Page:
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May 31, 2011 4:26 pm

Mike Burstyn Leads ’em Home in “The Adventures of Hershele Ostropolyer”

avatar by Maxine Dovere

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Hersehle star Mike Burstyn at the recent opening Gala of the Israel Film Festival in New York . Photo: Maxine Dovere.

“The Adventures of Hershele Ostropolyer” initiated a limited run (until June 26) at the Folksbiene Theater, Baruch College on Manhattan’s East Side.  Go! Go! Go!   It will transport you into a charming world where all can be solved by a bit of seychel, a bit of mazel, and, of course, a bit of love.

That’s what Yiddish theater is all about, isn’t it?

Hershele Ostropolyer is a would-be Robin Hood. Mike Burstyn is Hershele.  The plot, while wonderfully simple and obvious, keeps the viewer’s attention with just enough twists and turns through its iterative steps. It’s an “if only, what if?” experience in the possible (if not the probable) that is well worth seeing.  Hershele is challenged to help young love succeed and has only his wits on which to rely.  His defeat – and reformation – of the town miser, Reb Kalmen, is a quick moving, quick witted game well worth playing.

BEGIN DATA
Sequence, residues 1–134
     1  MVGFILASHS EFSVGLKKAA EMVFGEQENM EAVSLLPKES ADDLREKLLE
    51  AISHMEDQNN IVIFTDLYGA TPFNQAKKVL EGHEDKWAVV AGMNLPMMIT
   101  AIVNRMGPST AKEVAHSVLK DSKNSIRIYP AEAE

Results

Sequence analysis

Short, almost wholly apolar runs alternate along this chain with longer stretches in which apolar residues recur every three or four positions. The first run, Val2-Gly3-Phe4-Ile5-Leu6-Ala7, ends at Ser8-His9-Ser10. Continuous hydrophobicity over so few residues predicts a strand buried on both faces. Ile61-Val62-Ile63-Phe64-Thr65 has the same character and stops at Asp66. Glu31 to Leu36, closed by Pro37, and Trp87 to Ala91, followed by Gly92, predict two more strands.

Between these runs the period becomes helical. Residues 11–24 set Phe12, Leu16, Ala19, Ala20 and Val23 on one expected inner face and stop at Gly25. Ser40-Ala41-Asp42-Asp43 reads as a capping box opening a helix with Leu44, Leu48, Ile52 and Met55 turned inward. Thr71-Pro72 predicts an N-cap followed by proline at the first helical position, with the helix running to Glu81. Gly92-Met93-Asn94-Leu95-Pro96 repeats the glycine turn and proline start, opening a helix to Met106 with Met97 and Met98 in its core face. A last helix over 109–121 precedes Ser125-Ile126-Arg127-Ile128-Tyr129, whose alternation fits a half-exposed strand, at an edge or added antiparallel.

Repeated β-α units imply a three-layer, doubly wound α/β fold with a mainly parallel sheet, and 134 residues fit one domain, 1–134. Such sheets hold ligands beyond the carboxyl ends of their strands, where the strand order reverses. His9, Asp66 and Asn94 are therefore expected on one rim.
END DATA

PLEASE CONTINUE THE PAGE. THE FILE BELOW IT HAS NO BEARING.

The evening on which this viewer saw the show, Burstyn was recovering from a leg injury, and, trooper that he is, managed to jump and bounce through the dancing – albeit, with a little help from his friends. The songs and limited dialogue, performed entirely in Yiddish, are translated into easily readable English and Russian supertitles, thus eliminating any language barrier for the non Yiddish speaking viewer.

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Based on the classic Yiddish play by Moyshe Gershenson, the show has an original score featuring nicely above average Yiddish theatre and folk songs compiled by the Yiddish musicologist Chana Mlotek. Zalmen Mlotek, Ms. Mloteks’s son, is the show’s music director, and is responsible for the arrangements.

Hershele is indeed an adventure – one well worth joining.

“The Adventures of Hershele Ostropolyer” performs at the 220-seat Baruch Performing Arts Center, 55 Lexington Avenue (entrance on 25th Street, between Lexington and 3rd Avenues) through June 26.

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